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1 September 2014 Seasonal Abundance of the Ctenophore Mnemiopsis leidyi in Relation to Water Temperature and Other Zooplankton in the Thames River Estuary, Connecticut
Lucy S. Vlietstra
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Abstract

I examined seasonal patterns in the abundance of the ctenophore Mnemiopsis leidyi (Atlantic Comb Jelly) to determine whether unusually early ctenophore blooms occur outside the range in which they were originally reported (Narragansett Bay, RI) and whether ctenophore abundance is correlated with sea surface temperature (SST) or with declines in zooplankton prey. Sampling was conducted from 23 April to 16 November 2004 in the Thames River Estuary, CT. Adult (≥1 cm) ctenophores first appeared in the estuary on 20 May 2004, with a seasonal peak in mean (± SD) density (9.9 ± 2.5 individuals m-3, n = 7 stations) and biovolume (26.6 ± 9.9 ml m-3, n = 7 stations) on 9 July 2004. Adult Atlantic Comb Jelly abundance was positively correlated with SST, but only during the spring and early summer. Food availability also likely played an important role in ctenophore-population growth early in the year. However, I observed a delay between copepod density and ctenophore biovolume, possibly due to unusually cold winter temperatures that reduced ctenophore survivorship in the months preceding the study. Ctenophore diets in 2004 consisted primarily of copepods. I observed an inverse correlation between ctenophore biovolume and copepod density, but my data suggest that adult Atlantic Comb Jellies consumed only 0.0–2.2% of the copepod standing stock per day. Overall, my results are consistent with the hypothesis that early summer ctenophore blooms occured over a relatively large spatial scale; however, trophic impacts in the Thames River Estuary in 2004 appeared to be relatively low.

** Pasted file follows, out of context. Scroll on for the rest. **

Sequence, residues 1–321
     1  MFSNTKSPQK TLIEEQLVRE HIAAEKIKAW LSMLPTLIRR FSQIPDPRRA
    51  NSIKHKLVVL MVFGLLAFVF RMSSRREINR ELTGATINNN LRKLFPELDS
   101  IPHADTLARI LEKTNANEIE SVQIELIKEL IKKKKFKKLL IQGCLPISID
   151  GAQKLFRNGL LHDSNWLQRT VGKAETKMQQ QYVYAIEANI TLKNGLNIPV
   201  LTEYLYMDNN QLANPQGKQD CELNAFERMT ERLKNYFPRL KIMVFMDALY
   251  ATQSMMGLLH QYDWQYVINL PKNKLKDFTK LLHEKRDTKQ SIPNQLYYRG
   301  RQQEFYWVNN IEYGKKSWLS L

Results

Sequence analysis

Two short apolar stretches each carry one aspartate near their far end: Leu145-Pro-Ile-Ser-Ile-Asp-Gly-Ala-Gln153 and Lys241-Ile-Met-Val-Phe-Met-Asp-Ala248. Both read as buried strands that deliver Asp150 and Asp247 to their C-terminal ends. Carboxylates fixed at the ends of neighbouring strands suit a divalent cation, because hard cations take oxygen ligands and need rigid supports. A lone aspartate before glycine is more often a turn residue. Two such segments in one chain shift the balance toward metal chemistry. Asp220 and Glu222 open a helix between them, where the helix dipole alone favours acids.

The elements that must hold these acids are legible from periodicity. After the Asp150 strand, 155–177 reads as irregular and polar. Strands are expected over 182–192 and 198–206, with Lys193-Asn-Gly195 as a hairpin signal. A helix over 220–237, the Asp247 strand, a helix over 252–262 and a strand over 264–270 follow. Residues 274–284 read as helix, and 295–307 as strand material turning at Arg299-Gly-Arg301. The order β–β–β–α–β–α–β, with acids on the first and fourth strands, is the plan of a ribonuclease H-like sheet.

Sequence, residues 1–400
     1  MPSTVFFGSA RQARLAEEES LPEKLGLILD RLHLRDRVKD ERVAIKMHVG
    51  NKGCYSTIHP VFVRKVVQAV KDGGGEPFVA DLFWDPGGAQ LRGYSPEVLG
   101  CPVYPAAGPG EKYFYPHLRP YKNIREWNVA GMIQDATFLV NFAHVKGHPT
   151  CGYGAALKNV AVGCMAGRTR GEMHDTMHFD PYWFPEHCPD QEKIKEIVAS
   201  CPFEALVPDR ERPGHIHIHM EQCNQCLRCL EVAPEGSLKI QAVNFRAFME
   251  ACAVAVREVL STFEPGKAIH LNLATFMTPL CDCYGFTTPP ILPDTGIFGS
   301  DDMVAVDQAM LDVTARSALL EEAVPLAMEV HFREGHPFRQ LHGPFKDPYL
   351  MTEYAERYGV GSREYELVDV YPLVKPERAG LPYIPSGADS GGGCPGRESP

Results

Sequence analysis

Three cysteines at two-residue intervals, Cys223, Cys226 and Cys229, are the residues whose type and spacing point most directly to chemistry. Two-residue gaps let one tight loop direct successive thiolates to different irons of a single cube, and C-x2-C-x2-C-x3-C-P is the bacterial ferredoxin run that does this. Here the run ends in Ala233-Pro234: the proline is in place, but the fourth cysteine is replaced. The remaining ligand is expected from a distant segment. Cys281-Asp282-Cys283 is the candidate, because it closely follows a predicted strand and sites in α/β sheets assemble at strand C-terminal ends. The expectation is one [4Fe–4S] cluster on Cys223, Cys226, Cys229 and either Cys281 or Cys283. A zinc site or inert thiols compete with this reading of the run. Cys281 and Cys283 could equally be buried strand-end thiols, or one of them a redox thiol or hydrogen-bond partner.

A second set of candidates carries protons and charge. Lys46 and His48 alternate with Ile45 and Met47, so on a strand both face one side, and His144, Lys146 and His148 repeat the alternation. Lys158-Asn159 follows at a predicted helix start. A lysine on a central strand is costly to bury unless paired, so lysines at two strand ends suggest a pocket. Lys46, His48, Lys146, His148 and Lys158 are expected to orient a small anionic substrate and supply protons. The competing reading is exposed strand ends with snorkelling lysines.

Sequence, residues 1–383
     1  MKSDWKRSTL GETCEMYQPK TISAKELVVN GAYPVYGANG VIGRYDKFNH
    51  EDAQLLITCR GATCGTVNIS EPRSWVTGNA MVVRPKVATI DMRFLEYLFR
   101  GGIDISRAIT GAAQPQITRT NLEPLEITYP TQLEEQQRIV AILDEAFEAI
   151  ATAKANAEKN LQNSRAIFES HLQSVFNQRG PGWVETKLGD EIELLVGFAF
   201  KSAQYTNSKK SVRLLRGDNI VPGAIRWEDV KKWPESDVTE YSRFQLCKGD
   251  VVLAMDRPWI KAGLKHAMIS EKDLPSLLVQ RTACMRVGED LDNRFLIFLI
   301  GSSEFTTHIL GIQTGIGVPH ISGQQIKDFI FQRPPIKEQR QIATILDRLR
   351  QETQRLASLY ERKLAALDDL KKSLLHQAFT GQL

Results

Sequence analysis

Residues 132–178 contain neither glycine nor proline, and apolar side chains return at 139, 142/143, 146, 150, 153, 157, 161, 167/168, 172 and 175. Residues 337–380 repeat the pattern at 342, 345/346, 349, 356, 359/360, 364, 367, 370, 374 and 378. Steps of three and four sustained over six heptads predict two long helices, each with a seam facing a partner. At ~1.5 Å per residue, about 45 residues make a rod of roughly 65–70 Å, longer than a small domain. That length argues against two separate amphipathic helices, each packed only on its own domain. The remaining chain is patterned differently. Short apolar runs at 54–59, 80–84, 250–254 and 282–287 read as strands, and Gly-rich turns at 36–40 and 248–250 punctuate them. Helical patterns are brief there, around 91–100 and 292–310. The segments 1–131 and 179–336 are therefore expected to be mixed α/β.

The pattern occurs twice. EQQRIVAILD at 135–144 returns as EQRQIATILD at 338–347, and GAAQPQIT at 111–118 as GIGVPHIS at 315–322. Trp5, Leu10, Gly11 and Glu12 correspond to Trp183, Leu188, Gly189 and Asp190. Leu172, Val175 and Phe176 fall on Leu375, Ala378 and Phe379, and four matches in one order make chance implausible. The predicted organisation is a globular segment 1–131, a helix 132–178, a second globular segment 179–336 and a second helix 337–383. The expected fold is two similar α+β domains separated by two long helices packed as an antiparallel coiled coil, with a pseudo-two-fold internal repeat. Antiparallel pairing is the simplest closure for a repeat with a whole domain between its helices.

Lucy S. Vlietstra "Seasonal Abundance of the Ctenophore Mnemiopsis leidyi in Relation to Water Temperature and Other Zooplankton in the Thames River Estuary, Connecticut," Northeastern Naturalist 21(3), 397-418, (1 September 2014). https://doi.org/10.1656/045.021.0307
Published: 1 September 2014
JOURNAL ARTICLE
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